As mobile carriers ramp up bribery program, Internet coalition says no to "zero rating"


#1

[Read the post]


#2


#3

Tumblr has not signed this letter @doctorow


#4

Also that letter is the version from March. This is May.


#5

How similar is this to the role of Android and Chrome OS? If phones can be made cheaper by passively subsidizing the OS (giving it away for free), the vulnerable world will be at the hands of the OS’s creators and forced to use what they implement, tolerate what sucks, and work around what’s not commercially viable.

I’m a total Google mark, but this is a slippery slope for them. Seeing them in court in Europe is not surprising.


#6

Let me get this straight. Companies want to provide for free something that they would normally charge for, and that’s a bad thing?


#7

You didn’t get it straight.


#8

Here’s an analogy.

You pay a company to rent a car. You’re allowed to go wherever you want in that car, but you’re not allowed to carry more than a certain total amount of weight in that car over a month’s time.

You have no idea why they put that restriction in effect, because, while it does have a small effect on the wear and tear on the car, it’s pretty negligible.

You try to get them to drop this ridiculous requirement, but they won’t do so, because there overage fees that they can charge people for going over their weight limit make them lots of money.

Now, though, they say, “Well, you can carry whatever weight you want — as long as it’s stuff you bought from Wal-Mart.” You don’t like Wal-Mart; you want to buy good-quality, local goods. But you can’t afford the overage fees, and so you (and everyone else) shop at Wal-Mart, and their local competition goes out of business, because they can’t afford to bribe the rental company to exempt them.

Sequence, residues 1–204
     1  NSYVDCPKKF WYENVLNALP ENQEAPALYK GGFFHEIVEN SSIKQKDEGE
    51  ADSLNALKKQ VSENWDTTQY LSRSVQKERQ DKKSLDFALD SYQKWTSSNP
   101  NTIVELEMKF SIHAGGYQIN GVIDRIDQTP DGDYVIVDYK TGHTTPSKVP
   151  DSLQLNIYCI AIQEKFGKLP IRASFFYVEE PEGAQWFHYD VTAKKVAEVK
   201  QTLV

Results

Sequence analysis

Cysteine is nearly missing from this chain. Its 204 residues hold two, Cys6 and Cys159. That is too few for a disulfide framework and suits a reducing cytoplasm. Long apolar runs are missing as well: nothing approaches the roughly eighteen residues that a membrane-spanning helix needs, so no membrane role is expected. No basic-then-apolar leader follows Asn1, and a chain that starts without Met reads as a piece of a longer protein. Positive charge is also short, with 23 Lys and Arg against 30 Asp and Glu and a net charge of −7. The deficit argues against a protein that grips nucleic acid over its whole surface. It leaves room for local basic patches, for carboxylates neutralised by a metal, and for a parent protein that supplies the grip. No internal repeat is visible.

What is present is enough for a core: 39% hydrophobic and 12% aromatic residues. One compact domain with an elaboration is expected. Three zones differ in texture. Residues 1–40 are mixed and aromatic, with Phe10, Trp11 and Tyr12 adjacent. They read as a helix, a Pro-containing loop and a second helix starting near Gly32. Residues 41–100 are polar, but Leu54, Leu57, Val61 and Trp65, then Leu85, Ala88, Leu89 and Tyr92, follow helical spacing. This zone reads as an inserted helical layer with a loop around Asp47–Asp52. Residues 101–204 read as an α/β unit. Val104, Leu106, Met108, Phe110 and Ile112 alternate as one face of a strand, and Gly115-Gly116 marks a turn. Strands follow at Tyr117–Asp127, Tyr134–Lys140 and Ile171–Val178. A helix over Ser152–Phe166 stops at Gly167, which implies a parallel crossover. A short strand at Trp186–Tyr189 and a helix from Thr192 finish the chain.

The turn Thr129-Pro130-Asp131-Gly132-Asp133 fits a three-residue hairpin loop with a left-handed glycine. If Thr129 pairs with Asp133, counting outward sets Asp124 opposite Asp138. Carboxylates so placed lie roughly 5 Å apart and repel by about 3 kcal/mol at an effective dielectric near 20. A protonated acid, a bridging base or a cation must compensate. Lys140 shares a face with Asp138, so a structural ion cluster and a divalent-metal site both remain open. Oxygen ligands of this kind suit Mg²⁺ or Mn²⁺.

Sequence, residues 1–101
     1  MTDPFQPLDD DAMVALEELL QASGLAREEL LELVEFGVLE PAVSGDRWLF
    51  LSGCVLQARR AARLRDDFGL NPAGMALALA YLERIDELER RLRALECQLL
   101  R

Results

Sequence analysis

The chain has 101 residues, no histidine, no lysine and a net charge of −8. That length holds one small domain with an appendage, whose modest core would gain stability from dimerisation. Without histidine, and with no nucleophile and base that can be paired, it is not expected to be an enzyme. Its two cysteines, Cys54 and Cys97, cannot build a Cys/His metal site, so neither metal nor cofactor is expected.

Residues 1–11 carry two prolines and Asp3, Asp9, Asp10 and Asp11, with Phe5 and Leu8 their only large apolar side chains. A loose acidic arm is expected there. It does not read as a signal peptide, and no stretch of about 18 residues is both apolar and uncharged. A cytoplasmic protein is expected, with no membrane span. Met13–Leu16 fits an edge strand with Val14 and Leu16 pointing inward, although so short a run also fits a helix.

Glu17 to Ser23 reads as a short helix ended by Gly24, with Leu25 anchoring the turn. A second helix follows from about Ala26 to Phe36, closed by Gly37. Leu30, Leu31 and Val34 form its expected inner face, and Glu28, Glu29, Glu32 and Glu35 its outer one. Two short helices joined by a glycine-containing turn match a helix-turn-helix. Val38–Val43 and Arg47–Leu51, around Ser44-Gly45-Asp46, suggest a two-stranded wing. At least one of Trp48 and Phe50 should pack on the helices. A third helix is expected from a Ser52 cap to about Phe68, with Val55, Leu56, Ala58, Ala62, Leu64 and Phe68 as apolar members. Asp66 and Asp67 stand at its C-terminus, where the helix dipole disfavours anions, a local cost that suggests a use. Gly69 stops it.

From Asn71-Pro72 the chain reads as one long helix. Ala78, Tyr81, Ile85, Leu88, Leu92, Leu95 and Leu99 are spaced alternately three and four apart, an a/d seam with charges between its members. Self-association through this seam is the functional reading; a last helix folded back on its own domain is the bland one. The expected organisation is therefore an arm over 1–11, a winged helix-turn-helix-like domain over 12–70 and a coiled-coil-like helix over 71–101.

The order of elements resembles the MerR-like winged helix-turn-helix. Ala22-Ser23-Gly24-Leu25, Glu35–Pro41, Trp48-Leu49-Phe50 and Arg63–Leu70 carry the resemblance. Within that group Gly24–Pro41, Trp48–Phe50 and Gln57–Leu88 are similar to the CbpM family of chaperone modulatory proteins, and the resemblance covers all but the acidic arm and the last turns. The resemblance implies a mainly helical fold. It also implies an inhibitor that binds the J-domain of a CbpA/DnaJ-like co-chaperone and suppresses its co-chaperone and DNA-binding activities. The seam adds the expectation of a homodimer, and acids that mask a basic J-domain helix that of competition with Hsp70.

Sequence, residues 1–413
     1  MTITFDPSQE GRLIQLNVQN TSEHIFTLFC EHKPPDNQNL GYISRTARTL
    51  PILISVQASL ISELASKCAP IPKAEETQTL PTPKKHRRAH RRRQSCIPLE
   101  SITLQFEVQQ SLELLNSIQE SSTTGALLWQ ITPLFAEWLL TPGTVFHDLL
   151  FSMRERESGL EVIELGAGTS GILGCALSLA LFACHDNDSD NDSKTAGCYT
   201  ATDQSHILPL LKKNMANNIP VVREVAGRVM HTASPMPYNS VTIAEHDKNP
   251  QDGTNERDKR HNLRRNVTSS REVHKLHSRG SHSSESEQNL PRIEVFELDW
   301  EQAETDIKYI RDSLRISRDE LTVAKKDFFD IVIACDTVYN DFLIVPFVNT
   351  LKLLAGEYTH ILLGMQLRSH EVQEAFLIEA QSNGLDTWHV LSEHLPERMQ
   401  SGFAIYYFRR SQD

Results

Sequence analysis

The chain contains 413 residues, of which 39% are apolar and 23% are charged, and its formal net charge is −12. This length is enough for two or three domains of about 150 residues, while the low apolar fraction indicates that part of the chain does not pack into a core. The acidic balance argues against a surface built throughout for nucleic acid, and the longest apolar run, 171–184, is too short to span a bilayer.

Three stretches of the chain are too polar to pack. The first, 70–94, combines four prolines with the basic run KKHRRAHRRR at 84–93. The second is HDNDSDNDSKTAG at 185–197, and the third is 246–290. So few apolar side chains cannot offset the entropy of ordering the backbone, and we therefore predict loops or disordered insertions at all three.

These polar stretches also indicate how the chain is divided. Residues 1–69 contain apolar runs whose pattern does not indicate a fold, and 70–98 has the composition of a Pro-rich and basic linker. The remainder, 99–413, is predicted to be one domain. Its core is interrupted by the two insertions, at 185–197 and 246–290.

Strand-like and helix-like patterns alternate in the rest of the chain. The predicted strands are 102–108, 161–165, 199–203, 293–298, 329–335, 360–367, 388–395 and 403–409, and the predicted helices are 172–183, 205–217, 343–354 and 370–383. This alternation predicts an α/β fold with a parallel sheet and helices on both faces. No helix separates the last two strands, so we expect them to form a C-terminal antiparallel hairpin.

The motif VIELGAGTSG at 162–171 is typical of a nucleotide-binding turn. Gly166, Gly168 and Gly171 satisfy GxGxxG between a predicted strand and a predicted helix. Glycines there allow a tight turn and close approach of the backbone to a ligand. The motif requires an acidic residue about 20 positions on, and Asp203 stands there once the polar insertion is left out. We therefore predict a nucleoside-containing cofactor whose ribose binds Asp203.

It’s not about getting something for free; it’s about charging exorbitant fees for something that costs them almost nothing, and exempting those who can pay, creating an unfair playing field for the smaller companies that can’t get “Zero Rated”.


#9

Zero-rating, another delightful linguistic innovation from the department of truth


#10

I thought T-mobile wasn’t charging the companies that are part of its zero-rating system? Or am I just conveniently ignoring the truth because I enjoy being able to listen to Spotify as much as I like without fear of exceeding my cap?

I understand the content is compressed and the quality is reduced but that’s not something I mind or even notice in the slightest.

Edit: http://www.t-mobile.com/landing/binge-on-letter.html

Maybe the issue is more subtle than just whether content producers have to pay to participate. I suspect that’s the concern. If you give a pass to carriers to alter network data in a way you like, that will give them the leverage they need to alter data in a way you don’t like someday.


#11

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